In order to demonstrate the root extension theorem, I need to prove that if an element of F[x]/(p(x)) is represented as $\overline a =a+(p(x))$ where $p(x)=a_0+a_1x+\cdots+a_nx^n$, then$\overline a_0+\overline a_1\overline x+\cdots+\overline a_n\overline {x^n}=0$ implies that $a_0+a_1\overline x+\cdots+a_n\overline {x^n}$=0. It seems easy, but I've tried a lot and I couldn't understad why we remove the overline of the coefficients.

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    $\begingroup$ you seem to have forgotten a "$=0$" before and after the "implies" $\endgroup$ – Glougloubarbaki Oct 21 '12 at 0:22
  • $\begingroup$ @Glougloubarbaki yes, thank you $\endgroup$ – user42912 Oct 21 '12 at 0:26
  • $\begingroup$ I deleted my comments, and posted them as an answer. Sorry. $\endgroup$ – Rankeya Oct 21 '12 at 3:38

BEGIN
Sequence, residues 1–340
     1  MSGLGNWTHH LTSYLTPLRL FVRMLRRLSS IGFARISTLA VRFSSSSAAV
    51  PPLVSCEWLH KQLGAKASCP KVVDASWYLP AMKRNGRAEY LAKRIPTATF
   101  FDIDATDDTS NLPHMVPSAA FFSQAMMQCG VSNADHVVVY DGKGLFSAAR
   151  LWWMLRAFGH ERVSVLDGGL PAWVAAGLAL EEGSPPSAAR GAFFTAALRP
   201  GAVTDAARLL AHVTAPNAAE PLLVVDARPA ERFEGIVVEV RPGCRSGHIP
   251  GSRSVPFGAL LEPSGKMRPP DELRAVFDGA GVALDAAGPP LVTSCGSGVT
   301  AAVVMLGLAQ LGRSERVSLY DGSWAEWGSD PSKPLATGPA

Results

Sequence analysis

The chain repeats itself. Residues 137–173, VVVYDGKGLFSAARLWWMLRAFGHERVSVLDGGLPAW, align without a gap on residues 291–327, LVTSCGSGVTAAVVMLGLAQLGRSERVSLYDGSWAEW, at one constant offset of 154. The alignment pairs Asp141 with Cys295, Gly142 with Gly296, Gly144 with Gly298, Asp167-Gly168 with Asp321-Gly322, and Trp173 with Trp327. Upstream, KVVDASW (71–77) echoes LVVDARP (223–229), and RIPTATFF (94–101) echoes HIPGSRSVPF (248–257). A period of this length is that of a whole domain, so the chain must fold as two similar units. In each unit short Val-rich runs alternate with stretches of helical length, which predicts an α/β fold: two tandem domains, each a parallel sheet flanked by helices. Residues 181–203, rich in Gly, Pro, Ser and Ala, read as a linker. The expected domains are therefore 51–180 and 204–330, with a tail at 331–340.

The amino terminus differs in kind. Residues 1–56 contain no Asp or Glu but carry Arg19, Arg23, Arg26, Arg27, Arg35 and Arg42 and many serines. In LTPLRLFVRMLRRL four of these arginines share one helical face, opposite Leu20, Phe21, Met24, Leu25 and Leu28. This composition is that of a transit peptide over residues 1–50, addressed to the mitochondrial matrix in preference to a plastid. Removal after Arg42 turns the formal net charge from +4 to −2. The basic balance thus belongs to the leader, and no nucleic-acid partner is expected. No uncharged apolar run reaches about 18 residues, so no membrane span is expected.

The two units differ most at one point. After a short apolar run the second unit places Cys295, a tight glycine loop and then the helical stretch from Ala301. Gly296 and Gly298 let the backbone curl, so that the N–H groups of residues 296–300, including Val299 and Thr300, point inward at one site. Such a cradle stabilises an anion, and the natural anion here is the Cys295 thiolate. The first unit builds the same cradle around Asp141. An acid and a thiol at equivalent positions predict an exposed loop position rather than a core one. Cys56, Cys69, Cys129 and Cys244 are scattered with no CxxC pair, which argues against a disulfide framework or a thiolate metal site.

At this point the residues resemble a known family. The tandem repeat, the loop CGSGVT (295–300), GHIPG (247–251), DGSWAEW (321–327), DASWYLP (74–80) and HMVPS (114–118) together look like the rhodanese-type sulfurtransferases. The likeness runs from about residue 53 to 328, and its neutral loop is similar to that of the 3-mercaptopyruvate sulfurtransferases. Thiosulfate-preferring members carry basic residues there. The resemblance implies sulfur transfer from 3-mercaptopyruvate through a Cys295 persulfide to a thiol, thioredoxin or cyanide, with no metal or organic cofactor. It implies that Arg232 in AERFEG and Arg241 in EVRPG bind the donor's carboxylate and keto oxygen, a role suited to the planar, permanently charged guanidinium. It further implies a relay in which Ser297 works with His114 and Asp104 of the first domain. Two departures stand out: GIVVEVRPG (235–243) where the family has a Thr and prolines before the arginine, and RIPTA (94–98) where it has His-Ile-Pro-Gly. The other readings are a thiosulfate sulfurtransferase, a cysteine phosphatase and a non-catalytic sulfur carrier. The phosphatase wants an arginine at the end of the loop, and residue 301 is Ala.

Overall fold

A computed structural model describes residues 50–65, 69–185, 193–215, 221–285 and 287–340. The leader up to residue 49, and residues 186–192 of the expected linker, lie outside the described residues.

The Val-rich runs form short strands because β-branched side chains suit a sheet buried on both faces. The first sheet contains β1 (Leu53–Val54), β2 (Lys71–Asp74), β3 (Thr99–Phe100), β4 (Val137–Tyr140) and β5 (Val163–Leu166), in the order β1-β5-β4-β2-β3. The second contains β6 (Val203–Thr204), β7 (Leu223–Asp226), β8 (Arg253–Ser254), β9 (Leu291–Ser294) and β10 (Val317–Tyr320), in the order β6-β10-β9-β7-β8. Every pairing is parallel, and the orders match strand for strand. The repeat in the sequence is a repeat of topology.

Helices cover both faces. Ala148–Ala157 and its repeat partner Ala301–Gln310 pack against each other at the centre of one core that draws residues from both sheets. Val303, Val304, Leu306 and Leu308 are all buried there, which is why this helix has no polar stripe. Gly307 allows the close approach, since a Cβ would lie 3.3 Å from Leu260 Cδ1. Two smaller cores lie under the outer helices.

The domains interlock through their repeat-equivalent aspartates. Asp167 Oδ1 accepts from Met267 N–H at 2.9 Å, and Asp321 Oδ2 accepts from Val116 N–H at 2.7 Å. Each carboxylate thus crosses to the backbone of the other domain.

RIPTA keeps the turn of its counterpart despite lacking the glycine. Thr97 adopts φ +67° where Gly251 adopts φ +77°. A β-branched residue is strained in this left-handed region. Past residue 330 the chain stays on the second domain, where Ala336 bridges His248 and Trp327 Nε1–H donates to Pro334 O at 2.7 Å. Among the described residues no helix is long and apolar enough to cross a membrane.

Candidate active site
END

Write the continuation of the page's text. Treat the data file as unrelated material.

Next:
In my opinion this is just notation because you are identifying $F$ as a subfield of $F[x]/(p(x))$. So, elements $\overline{a_i}$ are identified with $a_i$.

Technically, what this proof is showing is that if $\overline{F}$ is the image of $F$ under the natural injective ring map $F \rightarrow F[x]/(p(x))$, then the polynomial $\overline{a_n}T^n + \dots + \overline{a_1}T + \overline{a_0} \in \overline{F}[T]$ has the root $\overline{x}$, where now $F[x]/(p(x))$ is an extension of $\overline{F}$ (in the strict sense of an inclusion of fields). But, $F[x]$ and $\overline{F}[T]$ are isomorphic, and $\overline{a_n}T^n + \dots + \overline{a_1}T + \overline{a_0}$ is the image of $p(x)$ under this isomorphism.

If you look at Lang's Algebra (Proposition 2.3 of chapter V), there he actually constructs an extension of $F$ (if by extension you mean a strict inclusion of fields and not just an injective map of fields) in which $p(x)$ has a root.

  • $\begingroup$ Maybe I should add that the edition of Lang's Algebra that I have is the revised third edition. $\endgroup$ – Rankeya Oct 21 '12 at 3:42

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